- “First Man” screenwriter Josh Singer explains why he believes the ending of the movie is accurate.
- It comes right from the autobiography of Neil Armstrong that the movie is based on.
Warning: Spoilers below if you haven’t seen “First Man.”
One of the most dramatic moments in Damien Chazelle’s Neil Armstrong biopic, “First Man,” is at the end of the movie when Apollo 11 has successfully landed on the moon and Armstrong (played by Ryan Gosling) is walking the lunar surface and comes across a dark crater. He opens his hand to reveal a child-sized bracelet with the name of his daughter, Karen, who had died of a brain tumour when she was two. Armstrong then tosses the bracelet into the crater, implying the astronaut’s attempt to come to peace with her passing, which has haunted him up to this point.
Screenwriter Josh Singer spent four years researching Armstrong to write “First Man,” even elevating the standards of accuracy he had for his Oscar-winning script “Spotlight.” And for this scene he worked extremely hard to try to make it as true as possible.
Singer said the idea to put the bracelet scene in the movie came right from the book “First Man” is based on, the biography of Armstrong written by James R. Hansen.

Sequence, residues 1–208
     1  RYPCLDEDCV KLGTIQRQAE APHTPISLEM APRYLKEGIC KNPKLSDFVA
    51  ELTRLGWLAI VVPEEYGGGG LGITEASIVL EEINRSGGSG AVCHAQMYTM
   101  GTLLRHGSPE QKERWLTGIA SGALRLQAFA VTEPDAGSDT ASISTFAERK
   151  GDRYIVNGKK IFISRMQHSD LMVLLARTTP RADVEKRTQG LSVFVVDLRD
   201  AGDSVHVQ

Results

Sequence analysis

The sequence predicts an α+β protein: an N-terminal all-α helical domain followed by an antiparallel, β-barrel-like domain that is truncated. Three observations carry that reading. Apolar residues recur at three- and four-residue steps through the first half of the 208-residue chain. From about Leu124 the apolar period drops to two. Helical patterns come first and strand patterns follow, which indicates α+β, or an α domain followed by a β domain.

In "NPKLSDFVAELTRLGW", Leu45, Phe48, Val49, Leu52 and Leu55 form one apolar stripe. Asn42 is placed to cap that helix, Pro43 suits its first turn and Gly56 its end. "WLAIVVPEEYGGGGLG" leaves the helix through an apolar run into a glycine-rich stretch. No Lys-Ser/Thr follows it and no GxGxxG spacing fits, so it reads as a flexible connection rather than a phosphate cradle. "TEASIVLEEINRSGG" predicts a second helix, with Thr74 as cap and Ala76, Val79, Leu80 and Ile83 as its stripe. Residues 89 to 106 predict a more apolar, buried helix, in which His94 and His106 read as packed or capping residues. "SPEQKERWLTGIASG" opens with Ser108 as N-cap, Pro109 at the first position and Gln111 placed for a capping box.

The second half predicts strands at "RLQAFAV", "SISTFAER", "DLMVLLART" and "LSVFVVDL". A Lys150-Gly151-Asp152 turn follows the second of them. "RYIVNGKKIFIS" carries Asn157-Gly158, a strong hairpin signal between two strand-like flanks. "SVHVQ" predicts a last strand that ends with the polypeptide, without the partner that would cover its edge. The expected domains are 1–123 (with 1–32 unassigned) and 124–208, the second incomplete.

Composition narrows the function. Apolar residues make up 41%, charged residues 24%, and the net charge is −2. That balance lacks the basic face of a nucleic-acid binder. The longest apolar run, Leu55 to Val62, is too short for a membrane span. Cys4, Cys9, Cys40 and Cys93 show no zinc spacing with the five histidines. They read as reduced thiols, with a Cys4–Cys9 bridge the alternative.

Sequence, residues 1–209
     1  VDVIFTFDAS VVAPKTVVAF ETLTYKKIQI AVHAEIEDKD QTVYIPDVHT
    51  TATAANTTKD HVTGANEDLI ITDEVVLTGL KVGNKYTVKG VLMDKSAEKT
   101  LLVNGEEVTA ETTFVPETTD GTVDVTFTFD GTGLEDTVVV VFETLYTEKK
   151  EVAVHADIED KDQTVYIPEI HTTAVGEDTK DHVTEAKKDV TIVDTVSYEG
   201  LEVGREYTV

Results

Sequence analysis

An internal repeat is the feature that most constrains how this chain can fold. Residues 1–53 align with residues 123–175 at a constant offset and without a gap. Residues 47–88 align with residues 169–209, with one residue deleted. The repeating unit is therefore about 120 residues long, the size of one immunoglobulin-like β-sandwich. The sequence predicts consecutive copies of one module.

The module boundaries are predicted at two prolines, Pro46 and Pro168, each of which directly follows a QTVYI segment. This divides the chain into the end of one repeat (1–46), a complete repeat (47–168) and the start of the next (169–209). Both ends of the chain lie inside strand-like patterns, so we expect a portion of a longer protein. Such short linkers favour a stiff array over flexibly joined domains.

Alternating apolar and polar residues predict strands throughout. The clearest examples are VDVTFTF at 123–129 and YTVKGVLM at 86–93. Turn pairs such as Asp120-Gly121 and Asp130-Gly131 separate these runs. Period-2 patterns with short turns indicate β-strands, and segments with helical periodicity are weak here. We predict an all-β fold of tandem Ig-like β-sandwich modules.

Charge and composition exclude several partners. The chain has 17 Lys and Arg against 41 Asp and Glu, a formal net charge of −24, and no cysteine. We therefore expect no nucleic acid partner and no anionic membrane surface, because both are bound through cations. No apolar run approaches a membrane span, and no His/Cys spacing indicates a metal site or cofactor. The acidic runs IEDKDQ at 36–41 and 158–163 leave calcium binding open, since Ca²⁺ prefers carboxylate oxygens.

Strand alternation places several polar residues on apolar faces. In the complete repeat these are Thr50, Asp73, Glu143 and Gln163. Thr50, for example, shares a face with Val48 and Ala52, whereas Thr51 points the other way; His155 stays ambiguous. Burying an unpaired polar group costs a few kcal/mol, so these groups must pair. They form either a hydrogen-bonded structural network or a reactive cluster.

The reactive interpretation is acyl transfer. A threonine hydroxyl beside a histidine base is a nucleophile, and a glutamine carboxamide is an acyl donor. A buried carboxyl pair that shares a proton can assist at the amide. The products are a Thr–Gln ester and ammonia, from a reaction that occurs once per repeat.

“I would never have made that leap based on nothing,” Singer told Business Insider. “That is actually from Jim, who studied Neil more than any historian in the country.”
Singer built a friendship with Hansen over the years of getting the movie off the ground, and in their talking he learned from the author that astronauts who went to the moon were known to leave keepsakes, ranging from an Apollo 1 patch which commemorated the three astronauts who died on that mission, to even mementos that honored Russian cosmonauts who died trying to get to space.
“So Jim wondered if Neil did something like that and he asked Neil for the manifest for his PPK [Personal Preference Kit] in which he would have kept something like that,” Singer said. “Neil couldn’t find it, Neil had lost it. Jim felt that was very not like Neil, so suspicious Jim went and talked to June Hoffman, Neil’s sister, who Jim felt knew Neil better than almost anyone. He asked, ‘Do you think Neil might have left something of Karen’s on the moon?’ And June said, ‘Oh, I dearly hope so.’ And Jim wrote that in his book and said for what it was worth that he believed that Neil had done something like this.”
The moment in the movie is a touching reminder of how human Armstrong and his fellow astronauts were who raced to get to the moon. But for Singer, it also had to pass the accuracy test.
“I had done four years of research, not 40 like Jim, so I wouldn’t have felt comfortable writing that on my own,” Singer said. “But I felt like if it was good enough for Jim, and good enough for June Hoffman, it was good enough for us.”
“First Man” is currently playing in theatres.
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